Your hands tremble, your chest heaves, you’re sweating and clammy and feel like you’re having nervous breakdown or a heart attack. You feel out of control and detached from the world. (FYI, the chest pain from a panic attack usually feels like a sharp or stabbing, localized pain in the mid-chest area, while pain from a heart attack is usually a pressure or squeezing sensation that can radiate outwards to the jaw, shoulder blades or arm.)
But that sudden and intense sense of doom could be a panic attack- especially if you’re going through menopause. And you’re not alone – plenty of women, around their menopausal years, are along for the (unpleasant) ride on that bumpy roller-coaster chock full of emotion.
Panic attacks hit unexpectedly and can happen any time – when you’re at the mall, watching television, in the middle of a business meeting, while you’re driving – even when you’re sleeping.
The likely culprit for this surge of adrenalin, your body’s “flight-or-fight” response against danger (only this time, there is none)?
Fluctuating levels of estrogen and progesterone. And when you consider that menopause ushers in other life changes that can make you more prone to developing panic attacks – like sleep problems, worries about body image, changing relationships, loss of fertility and an overall decreased sense of well-being – it’s no wonder that so many women suffer from them around this time. If you were prone to anxiety in the past or experienced PMS or postpartum depression, then you might be more likely to develop panic attacks during the menopause years.
Panic attacks can be frustrating for many reasons, one being that they can be tough to diagnose, as many symptoms of panic attacks (like anxiety, sweating and palpitations) already mirror the ones that you might be experiencing during perimenopause or menopause.
And although many experts agree that once your hormones level out and your life gets in order you’ll get relief, when you’re the one going through it you’re hesitant to believe that dribble… and you swear they’ll never end.
But they will. Here’s how to cope in the meantime, when those 10 to 30 minutes of awfulness feels like 10 to 30 hours of hell.
Know that you will be okay. “No one ever died from a panic attack,” says Sanam Hafeez, PsyD, a New York City-based psychologist and teaching faculty member at Columbia University Teacher’s College. You may feel like you want to, or might, die, but “it simply won’t happen,” she says.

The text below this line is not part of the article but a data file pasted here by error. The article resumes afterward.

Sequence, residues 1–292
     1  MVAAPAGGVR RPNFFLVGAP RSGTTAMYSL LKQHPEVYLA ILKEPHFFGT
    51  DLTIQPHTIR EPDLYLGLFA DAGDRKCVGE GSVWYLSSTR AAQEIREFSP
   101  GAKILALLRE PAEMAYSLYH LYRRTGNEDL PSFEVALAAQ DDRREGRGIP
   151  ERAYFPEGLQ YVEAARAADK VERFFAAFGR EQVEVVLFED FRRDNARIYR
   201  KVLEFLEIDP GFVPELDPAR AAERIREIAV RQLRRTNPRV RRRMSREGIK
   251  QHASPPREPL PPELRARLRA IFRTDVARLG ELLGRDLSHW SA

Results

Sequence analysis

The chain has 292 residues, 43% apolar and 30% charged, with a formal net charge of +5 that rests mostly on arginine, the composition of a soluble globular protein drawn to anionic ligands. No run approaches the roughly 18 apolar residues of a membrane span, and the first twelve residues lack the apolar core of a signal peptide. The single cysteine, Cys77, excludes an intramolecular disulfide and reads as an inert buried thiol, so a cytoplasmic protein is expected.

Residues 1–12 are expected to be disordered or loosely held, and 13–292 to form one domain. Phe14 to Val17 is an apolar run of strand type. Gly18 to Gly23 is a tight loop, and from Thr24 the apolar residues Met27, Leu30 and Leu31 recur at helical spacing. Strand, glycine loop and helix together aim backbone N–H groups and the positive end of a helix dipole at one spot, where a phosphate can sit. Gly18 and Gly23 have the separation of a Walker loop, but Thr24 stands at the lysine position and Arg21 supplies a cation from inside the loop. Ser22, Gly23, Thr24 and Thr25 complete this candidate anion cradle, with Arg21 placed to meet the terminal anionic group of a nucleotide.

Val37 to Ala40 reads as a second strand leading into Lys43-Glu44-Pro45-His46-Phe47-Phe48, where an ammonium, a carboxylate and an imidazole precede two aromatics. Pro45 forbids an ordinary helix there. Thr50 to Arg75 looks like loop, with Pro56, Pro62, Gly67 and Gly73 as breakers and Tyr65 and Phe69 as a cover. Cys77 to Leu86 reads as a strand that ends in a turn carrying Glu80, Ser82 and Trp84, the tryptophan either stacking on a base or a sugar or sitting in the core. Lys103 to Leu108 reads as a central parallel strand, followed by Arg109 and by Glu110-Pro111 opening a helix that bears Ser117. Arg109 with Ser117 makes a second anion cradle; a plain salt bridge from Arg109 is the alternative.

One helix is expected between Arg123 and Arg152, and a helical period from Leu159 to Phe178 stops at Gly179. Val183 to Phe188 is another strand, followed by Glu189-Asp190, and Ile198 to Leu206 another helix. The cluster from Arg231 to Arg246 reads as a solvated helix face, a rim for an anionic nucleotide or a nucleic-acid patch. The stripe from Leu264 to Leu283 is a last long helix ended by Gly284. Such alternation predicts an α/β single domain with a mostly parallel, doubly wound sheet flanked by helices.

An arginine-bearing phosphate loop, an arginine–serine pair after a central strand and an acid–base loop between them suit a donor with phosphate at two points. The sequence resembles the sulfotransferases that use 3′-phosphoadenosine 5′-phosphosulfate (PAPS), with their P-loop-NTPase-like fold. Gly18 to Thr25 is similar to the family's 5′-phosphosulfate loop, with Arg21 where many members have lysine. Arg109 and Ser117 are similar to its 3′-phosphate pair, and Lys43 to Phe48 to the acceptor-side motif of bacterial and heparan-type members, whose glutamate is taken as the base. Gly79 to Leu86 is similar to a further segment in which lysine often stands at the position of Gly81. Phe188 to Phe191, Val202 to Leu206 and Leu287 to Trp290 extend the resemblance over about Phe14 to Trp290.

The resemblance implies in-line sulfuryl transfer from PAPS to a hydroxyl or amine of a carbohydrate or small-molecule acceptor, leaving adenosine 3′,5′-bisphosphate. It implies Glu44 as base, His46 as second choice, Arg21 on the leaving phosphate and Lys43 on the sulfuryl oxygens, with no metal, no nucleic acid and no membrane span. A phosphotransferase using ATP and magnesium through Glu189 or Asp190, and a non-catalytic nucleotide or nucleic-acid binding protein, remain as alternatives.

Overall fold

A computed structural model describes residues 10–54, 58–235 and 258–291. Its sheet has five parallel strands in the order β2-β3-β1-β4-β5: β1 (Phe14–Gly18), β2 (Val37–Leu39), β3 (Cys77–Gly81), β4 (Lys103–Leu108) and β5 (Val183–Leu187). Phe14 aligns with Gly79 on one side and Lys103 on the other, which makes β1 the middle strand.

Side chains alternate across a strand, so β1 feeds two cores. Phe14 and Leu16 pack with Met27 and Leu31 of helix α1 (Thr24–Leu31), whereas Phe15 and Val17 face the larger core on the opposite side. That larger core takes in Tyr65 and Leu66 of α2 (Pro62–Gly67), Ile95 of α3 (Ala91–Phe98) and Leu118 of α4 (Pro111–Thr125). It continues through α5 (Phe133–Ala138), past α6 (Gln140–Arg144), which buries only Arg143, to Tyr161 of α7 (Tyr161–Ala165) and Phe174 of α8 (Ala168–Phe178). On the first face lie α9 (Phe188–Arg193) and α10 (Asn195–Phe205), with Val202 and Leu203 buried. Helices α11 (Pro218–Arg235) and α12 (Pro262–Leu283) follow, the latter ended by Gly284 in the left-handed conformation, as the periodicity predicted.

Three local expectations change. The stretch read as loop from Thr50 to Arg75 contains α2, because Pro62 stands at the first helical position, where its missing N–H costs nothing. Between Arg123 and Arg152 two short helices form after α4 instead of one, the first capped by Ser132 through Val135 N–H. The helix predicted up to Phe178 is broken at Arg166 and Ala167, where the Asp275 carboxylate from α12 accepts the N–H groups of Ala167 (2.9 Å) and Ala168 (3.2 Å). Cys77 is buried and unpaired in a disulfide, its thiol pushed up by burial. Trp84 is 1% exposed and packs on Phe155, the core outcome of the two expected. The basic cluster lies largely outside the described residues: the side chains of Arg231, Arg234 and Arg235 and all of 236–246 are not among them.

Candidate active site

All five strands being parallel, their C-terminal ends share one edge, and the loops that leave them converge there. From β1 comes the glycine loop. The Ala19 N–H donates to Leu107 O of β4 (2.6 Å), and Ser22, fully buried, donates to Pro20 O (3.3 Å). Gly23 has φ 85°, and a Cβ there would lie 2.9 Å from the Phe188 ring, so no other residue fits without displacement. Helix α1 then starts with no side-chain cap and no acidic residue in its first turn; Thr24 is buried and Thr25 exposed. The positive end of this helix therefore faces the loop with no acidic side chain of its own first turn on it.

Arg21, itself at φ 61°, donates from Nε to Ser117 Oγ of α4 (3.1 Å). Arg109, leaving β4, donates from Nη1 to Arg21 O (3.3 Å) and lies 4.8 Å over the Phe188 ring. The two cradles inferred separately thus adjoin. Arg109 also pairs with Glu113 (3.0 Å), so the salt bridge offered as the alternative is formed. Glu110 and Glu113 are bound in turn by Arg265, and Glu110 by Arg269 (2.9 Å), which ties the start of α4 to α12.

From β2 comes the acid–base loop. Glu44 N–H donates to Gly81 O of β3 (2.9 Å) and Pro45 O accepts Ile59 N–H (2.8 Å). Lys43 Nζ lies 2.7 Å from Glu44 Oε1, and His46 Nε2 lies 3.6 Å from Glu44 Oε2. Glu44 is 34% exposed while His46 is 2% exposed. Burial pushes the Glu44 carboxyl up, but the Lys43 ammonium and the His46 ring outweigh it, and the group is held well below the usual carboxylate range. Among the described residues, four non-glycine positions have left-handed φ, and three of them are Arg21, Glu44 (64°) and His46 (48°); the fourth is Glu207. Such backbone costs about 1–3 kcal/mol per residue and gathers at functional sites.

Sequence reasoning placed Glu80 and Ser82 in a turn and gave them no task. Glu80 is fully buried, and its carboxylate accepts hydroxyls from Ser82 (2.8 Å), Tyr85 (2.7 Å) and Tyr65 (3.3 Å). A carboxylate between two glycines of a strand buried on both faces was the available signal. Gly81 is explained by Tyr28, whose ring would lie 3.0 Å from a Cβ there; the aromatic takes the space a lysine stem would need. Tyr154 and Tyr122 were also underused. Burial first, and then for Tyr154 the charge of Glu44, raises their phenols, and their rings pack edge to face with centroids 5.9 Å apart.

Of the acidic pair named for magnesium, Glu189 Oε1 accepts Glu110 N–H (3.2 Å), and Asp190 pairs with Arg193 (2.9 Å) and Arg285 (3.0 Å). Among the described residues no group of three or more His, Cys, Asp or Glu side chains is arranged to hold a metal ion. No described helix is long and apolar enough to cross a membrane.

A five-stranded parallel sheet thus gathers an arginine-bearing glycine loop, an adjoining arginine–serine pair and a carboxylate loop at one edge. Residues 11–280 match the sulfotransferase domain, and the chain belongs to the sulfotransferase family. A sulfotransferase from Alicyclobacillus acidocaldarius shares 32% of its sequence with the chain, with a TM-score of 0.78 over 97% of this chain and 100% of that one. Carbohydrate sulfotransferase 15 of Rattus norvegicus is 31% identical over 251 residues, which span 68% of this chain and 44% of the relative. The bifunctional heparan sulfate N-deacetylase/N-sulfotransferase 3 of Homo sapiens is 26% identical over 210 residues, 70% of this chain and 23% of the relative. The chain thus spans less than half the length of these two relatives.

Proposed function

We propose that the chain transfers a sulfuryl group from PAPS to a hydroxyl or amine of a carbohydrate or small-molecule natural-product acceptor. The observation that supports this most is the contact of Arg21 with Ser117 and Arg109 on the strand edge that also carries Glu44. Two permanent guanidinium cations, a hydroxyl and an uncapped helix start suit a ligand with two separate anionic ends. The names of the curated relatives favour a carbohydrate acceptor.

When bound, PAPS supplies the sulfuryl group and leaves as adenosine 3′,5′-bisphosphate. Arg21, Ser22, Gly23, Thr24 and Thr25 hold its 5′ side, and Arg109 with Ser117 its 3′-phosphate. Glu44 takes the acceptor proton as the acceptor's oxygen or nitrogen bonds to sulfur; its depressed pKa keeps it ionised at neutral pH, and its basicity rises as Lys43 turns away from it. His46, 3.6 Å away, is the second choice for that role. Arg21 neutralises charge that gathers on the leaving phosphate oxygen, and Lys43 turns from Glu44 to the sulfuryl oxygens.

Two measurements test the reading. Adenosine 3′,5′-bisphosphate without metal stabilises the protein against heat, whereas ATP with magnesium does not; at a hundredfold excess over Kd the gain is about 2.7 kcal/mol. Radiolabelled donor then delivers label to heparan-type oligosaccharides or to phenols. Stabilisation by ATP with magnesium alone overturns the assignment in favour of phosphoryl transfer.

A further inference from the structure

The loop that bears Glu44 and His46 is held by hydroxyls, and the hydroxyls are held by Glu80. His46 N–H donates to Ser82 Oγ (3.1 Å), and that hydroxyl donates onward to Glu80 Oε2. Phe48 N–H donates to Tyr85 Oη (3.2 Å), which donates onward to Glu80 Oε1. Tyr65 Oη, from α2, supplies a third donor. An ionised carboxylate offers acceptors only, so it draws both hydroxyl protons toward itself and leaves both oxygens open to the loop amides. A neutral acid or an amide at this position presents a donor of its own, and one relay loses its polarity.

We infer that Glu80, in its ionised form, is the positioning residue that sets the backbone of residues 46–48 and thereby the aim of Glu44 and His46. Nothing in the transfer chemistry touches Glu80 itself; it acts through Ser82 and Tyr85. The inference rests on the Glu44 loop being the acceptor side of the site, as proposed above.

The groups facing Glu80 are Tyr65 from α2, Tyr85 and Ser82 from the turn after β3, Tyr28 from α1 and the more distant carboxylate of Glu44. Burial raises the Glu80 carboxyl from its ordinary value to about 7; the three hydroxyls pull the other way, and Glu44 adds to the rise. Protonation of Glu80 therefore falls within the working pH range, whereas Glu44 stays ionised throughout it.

Consider making lifestyle changes. Gisele Bundchen (who recently revealed she suffered extreme panic attacks) said they subsided when she made lifestyle changes like cutting down on her drinking and smoking; incorporating meditation and yoga and cutting out sugar. If you don’t already do it, eat a healthful diet full of lots of fruits and veggies, avoid alcohol and reduce your consumption of caffeine, as well.
Moderate your breathing. That picture of someone breathing into a paper bag when having a panic attack isn’t just fluff: irregular breathing can actually cause panic attacks, so learning to control your breathing can help control and maybe even prevent them. Here are some helpful and effective breathing techniques to try.
Get enough sleep. “Just how the bleep do I do that?”, you might be yelling right now, especially if you are dealing with night sweats and the like. Before you panic, refer to item number 2 here.
Know that there are treatments. If you can’t handle them on your own, your doctor may treat your panic attacks with hormone therapy and other treatments for menopause symptoms, plus medication for anxiety, says the Cleveland Clinic. One type of medication used for anxiety and panic attacks is diazepam, and is also used as a sleeping pill. This makes sense as it calms the nervous system. You can buy diazepam here if you would like medical relief in containing these symptoms. Psychotherapy can also help treat your psychological symptoms. “Cognitive behavior therapy, which challenges fearful thoughts, is an effective, lasting treatment for controlling panic attack symptoms,” says Dr. Hafeez. However, if you don’t seem to be seeing any improvement in yourself, you might want to look into other ways to reduce your anxiety. It’s common for medical marijuana to be prescribed in these sort of cases. If you’d like to learn more about how weed might be able to help you, visiting a website similar to https://www.canadacannabisdispensary.ca/product-category/indica/, for example, could be a good idea to see what they have on offer. The relaxing effect of the marijuana may be what you’re looking for to control your anxiety and panic attacks.
Get regular physical activity. Personally, this is my treatment of choice for just about everything, but it does help to lower anxiety, which may play a contributing role in panic attacks. Yoga, stretching and other relaxation techniques can help someone get through an attack while it’s happening.
Just like hot flashes and night sweats, panic attacks during menopause will pass. In the meantime, show some self-care and self-compassion and hopefully, relief will follow.